BMW's largest supplier of battery cells is currently the Chinese company CATL. In the field of digitalization, BMW has established its own digital companies, and it cooperates with several Chinese companies, including Tencent and Alibaba, to continuously strengthen its digital footprint, Zipse said.

The Chinese market is a major driving force for innovation and development, and BMW will continue to cooperate with local players in the Chinese automotive industry to provide quality products and premium experiences for Chinese customers, he said.

"There is a wide range of fields that Chinese and European businesses could tap the potential of cooperation. For instance, tackling climate change and transforming into greener development are missions that Chinese and European businesses share," said Xu Haifeng, Chairman of China Chamber of Commerce to the European Union.

Aerial photo taken on Feb. 21, 2021 shows the first China-Europe freight train linking St. Petersburg of Russia with Chengdu departing the Chengdu International Railway Port in Chengdu, southwest China's Sichuan Province. (Chengdu International Railway Port Administrative Committee/Handout via Xinhua)


China overtook the United States last year as the EU's biggest trading partner in 2020, according to the EU statistics agency Eurostat.

Meanwhile, China surpassed Germany as Britain's biggest single import market in the first quarter of 2021, the British Office for National Statistics has said.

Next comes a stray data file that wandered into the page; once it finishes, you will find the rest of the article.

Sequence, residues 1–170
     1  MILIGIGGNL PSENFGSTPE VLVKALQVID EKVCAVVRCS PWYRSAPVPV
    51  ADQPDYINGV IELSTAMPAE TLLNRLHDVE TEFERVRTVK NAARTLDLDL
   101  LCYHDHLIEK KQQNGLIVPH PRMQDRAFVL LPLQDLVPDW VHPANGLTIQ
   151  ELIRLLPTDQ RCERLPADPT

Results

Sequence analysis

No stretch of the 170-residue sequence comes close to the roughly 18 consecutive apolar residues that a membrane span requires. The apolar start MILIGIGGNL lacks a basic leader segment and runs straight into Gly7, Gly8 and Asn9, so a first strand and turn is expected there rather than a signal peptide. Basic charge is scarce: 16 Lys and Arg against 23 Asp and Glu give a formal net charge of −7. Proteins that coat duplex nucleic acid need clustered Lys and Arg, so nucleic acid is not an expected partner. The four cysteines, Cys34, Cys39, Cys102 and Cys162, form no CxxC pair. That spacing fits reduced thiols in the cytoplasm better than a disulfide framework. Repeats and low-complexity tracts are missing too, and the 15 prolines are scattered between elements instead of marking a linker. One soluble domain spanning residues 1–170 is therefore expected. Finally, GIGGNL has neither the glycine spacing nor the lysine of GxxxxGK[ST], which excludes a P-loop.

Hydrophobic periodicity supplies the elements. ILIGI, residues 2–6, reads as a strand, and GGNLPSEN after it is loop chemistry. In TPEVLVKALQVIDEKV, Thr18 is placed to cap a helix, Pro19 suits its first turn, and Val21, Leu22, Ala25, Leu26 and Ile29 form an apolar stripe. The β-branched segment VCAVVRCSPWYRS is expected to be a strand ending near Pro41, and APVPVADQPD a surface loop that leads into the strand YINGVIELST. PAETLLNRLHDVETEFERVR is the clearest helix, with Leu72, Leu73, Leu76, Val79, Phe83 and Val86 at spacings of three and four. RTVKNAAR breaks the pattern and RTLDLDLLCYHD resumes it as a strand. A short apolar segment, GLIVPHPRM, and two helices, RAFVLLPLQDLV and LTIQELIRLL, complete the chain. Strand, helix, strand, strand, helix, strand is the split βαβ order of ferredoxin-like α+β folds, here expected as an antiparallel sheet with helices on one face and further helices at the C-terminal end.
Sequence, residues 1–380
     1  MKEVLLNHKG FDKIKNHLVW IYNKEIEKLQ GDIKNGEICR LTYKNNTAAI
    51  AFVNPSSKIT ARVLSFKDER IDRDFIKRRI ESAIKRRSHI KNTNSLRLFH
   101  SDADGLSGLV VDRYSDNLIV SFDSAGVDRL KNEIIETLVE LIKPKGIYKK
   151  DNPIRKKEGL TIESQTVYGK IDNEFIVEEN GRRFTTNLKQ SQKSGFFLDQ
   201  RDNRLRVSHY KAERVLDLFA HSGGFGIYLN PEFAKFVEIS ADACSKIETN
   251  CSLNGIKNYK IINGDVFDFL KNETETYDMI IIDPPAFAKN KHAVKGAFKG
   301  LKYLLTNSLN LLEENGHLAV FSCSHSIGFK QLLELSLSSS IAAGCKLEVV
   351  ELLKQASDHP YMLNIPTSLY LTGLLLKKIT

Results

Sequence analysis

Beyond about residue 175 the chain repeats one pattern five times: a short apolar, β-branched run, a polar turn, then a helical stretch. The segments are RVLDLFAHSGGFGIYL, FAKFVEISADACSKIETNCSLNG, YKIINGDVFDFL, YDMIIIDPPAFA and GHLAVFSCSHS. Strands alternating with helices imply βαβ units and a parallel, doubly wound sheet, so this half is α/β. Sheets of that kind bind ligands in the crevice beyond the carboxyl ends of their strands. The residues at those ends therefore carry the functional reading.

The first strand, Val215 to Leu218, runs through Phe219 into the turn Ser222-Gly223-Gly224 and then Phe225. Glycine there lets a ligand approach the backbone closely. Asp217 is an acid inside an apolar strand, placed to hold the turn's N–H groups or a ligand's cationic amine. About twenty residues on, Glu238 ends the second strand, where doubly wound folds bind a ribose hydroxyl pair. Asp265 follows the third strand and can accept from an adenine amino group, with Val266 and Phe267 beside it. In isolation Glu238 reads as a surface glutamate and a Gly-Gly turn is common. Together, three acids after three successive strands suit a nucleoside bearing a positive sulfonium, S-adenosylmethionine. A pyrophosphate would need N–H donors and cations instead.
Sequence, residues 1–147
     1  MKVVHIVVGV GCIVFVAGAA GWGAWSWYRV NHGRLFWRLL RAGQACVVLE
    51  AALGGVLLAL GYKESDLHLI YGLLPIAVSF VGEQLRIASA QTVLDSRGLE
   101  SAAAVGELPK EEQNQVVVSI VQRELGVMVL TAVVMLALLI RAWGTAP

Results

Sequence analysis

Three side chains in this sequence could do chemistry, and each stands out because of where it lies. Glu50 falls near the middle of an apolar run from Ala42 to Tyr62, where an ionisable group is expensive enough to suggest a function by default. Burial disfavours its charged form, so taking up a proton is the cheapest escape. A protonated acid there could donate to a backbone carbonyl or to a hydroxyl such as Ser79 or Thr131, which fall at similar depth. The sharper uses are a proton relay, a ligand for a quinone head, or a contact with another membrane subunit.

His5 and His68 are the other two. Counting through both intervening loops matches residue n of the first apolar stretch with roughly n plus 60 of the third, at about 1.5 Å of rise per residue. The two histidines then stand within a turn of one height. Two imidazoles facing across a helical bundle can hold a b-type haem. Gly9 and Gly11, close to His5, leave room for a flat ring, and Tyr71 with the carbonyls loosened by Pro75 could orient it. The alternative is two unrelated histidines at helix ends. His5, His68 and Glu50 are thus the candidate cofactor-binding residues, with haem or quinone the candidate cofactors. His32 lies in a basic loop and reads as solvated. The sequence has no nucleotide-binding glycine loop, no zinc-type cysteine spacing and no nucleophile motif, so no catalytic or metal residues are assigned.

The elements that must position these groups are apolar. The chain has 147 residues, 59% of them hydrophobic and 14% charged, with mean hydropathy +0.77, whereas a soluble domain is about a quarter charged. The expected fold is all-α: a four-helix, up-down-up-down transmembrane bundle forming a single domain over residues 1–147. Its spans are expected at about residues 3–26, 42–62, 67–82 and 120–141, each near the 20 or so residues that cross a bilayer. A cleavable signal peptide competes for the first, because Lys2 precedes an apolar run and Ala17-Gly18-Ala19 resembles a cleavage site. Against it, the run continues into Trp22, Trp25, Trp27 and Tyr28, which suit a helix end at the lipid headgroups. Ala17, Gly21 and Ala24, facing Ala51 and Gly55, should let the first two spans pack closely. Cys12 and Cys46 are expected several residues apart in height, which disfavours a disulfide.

China's global market share has risen substantially in the past two years, British think tank Oxford Economics said in a report in August.

"In any case, China's strong export performance since the outbreak of the COVID-19 pandemic underscores that the global supply chains developed in recent decades -- and in which China plays a key role -- are much 'stickier' than many suspected," said Louis Kuijs, head of Asia Economics at Oxford Economics and also author of the report.

With almost half a century of experience in doing business with China, Stephen Perry, chairman of Britain's 48 Group Club, has witnessed first-hand the extraordinary growth of China's market following the period of reform and opening-up.

"We only have to look at the statistics for the last year and a half to see how the world's economy collapsed with the impact of COVID-19 and then how fast China was to recover. When other countries were still beginning to go into collapse, China was starting to recover," Perry said.

"Chinese demand is good. The domestic economy is buying a lot of goods from the world markets. So for everybody around the world, China is the place to go to, the place to try to do business in," Perry added.

(Pan Geping and Li Jizhi in Brussels, Yang Xiaohong in Prague, Chen Junxia, Jiang Xuelan and Xu Chi in Geneva, Jin Jing in London, Zhu Sheng in Berlin, Tang Ji and Chen chen in Paris, Ye Xinke in Rome and Shen Zhonghao in Frankfort also contributed to the story.)